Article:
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The Global Spread of Wrestling: Different Styles from Around the World

Wrestling, in its various forms, has been a part of the human story for millennia. As one of the oldest known sports, its roots trace back to ancient civilizations from every corner of the globe. While the basic premise remains the same — pinning an opponent to the ground or outmuscling them — the techniques, rituals, and cultural significance differ immensely. Let’s embark on a journey exploring the diverse world of wrestling styles.

Greco-Roman Wrestling (Europe)

Originating from ancient Greece and refined by the Romans, this style is characterized by its prohibition of holds below the waist. Wrestlers engage using throws, locks, and grapples, focusing on upper body strength. Today, it remains one of the two styles contested at the Olympic Games.

Sumo Wrestling (Japan)

Rooted deeply in Japanese tradition, Sumo is more than just a sport. It’s a ritualistic display where wrestlers, or ‘rikishi’, aim to force their opponent out of the ring or touch the ground with any body part other than the soles of their feet. The ceremonial aspects, from the Shinto rituals to the elaborate attire, make it distinct.

Freestyle Wrestling (Worldwide)

Another Olympic staple, freestyle wrestling offers more flexibility than its Greco-Roman counterpart. Wrestlers can use their legs for offensive and defensive moves, making for a dynamic contest of strength and strategy.

Lucha Libre (Mexico)

Translating to “free fight”, Lucha Libre is a high-flying spectacle. Known for its colorful masks and theatrical storylines, wrestlers, or ‘luchadores’, employ acrobatic moves and dramatic techniques, creating an entertainment extravaganza.

Kushti or Pehlwani (India)

Dating back to the Mughal era, Kushti is traditional Indian wrestling practiced in a clay or dirt pit. Wrestlers live and train together, adhering to strict dietary and lifestyle regimes. It’s not just a test of physical might but also mental discipline and spirituality.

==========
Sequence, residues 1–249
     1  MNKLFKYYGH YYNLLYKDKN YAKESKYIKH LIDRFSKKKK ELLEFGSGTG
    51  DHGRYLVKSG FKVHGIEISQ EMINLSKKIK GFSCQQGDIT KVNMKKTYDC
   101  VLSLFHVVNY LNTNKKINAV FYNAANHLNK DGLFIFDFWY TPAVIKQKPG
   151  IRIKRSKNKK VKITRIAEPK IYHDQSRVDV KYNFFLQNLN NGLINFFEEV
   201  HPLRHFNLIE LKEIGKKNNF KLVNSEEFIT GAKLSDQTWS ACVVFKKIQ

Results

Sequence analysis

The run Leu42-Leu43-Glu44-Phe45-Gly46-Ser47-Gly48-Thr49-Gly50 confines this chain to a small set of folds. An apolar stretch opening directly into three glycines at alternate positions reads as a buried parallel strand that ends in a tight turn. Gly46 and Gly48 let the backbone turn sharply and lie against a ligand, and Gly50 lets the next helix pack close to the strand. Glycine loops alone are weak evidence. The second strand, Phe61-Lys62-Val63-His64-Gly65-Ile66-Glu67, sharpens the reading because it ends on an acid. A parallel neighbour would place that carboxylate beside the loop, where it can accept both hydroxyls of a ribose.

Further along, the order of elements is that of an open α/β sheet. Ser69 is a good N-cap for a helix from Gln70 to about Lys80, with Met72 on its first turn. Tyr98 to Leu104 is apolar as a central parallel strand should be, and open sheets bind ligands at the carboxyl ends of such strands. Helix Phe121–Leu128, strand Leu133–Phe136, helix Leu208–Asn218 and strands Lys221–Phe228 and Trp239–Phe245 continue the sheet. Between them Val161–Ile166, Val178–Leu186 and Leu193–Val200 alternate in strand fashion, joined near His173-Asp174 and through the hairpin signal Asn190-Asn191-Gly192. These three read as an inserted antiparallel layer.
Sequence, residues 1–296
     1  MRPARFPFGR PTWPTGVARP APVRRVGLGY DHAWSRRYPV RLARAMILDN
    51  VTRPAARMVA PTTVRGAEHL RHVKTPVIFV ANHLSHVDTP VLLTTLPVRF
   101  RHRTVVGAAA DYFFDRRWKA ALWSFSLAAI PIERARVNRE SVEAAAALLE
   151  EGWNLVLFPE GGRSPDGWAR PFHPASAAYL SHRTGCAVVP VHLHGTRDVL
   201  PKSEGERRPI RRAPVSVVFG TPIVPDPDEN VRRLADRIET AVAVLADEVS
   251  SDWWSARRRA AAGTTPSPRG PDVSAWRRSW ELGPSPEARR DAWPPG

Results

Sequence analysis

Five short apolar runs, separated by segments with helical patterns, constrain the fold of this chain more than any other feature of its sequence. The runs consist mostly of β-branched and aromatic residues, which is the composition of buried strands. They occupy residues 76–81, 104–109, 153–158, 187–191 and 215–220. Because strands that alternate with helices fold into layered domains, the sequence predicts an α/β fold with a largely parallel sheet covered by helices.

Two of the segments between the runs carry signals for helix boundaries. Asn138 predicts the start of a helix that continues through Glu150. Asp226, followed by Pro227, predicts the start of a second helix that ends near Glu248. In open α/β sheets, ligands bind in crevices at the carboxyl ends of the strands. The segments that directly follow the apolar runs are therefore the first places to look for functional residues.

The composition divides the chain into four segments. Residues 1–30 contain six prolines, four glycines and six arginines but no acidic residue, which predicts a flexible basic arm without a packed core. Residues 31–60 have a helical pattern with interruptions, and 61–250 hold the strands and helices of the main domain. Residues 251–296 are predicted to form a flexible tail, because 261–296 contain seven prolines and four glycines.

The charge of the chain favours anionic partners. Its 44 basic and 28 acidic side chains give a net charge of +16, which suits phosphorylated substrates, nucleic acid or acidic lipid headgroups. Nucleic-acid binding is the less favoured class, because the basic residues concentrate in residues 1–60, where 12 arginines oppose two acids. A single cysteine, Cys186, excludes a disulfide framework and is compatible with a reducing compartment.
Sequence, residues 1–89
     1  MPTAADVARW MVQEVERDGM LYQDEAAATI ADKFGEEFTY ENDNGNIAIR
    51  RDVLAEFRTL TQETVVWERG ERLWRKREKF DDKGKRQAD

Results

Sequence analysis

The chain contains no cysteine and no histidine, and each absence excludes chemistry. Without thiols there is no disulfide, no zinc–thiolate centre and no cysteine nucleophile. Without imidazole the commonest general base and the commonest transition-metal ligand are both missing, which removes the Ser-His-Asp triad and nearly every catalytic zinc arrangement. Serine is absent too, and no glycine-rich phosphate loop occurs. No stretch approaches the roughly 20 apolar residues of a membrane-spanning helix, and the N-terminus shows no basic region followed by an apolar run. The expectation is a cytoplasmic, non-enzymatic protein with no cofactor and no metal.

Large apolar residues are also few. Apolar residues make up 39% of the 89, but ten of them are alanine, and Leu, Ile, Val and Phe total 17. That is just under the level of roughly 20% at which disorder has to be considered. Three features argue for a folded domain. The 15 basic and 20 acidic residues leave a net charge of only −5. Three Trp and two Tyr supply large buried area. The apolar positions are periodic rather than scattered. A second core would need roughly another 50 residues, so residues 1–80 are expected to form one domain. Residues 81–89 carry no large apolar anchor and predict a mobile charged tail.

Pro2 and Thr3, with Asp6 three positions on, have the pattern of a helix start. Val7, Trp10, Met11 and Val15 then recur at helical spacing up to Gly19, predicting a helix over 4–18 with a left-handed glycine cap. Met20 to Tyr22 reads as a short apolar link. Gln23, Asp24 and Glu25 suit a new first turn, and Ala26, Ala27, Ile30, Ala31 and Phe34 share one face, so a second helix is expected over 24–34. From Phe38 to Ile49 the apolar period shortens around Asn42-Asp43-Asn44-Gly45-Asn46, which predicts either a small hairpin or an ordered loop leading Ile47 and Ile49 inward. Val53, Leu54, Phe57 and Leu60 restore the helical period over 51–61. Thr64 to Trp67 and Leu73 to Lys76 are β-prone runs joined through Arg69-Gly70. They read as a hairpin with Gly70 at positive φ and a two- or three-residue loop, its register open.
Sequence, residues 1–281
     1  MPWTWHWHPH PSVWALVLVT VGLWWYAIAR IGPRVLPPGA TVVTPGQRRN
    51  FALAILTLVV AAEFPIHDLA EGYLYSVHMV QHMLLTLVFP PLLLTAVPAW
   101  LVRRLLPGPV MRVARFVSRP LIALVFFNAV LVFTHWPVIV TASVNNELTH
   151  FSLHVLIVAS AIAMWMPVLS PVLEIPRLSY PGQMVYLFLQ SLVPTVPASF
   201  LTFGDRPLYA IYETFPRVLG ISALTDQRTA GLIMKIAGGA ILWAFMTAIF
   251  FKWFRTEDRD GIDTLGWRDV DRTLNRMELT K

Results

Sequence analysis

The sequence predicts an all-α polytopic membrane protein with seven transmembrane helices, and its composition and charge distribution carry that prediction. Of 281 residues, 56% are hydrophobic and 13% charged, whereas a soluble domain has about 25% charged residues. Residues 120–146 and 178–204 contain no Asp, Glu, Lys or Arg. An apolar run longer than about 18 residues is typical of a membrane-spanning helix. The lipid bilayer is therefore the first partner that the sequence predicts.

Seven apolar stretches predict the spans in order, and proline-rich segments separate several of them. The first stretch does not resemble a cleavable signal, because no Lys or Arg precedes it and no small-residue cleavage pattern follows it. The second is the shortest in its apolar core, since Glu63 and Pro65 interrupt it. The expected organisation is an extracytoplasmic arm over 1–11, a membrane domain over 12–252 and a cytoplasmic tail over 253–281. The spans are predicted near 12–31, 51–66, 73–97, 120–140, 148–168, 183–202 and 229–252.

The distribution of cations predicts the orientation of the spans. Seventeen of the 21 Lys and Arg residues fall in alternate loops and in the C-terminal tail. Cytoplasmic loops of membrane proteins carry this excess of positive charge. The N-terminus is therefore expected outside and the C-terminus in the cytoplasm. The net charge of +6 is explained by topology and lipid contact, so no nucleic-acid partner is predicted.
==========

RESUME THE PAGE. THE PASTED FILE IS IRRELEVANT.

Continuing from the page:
Ssireum (South Korea)

Contested on a circular sand-filled ring, Ssireum sees competitors trying to topple each other using a cloth belt, or ‘satba’, tied around the waist and thigh. Celebrated during traditional festivals, it’s a cherished cultural sport.

Catch Wrestling (UK and USA)

Emerging in the late 19th century from Lancashire, England, catch wrestling focuses on submission holds. Its philosophy of “catch as catch can”, meaning using any technique available, later influenced the development of modern mixed martial arts.

Mongolian Wrestling (Mongolia)

A key component of the Naadam Festival, Mongolian wrestling has competitors wearing unique attire, including an open-fronted jacket and boots. Victory is achieved by forcing any part of your opponent’s body, other than feet and hands, to the ground.

Senegalese Wrestling (Senegal)

Known as ‘Laamb’ in the Wolof language, this form combines wrestling with punches, making it akin to MMA. With deep-rooted cultural and spiritual elements, matches often draw massive crowds and are accompanied by traditional music and dance.


The world of wrestling is a rich tapestry of history, culture, and athleticism. While the styles may differ, the essence remains constant: a physical and mental contest between two individuals. It’s a testament to the universal human desire for competition, discipline, and achievement.


  • Global wrestling styles,
  • Greco-Roman wrestling,
  • Sumo,
  • Lucha Libre,
  • Kushti,
  • Ssireum,
  • Catch wrestling,
  • Mongolian wrestling,
  • Laamb.


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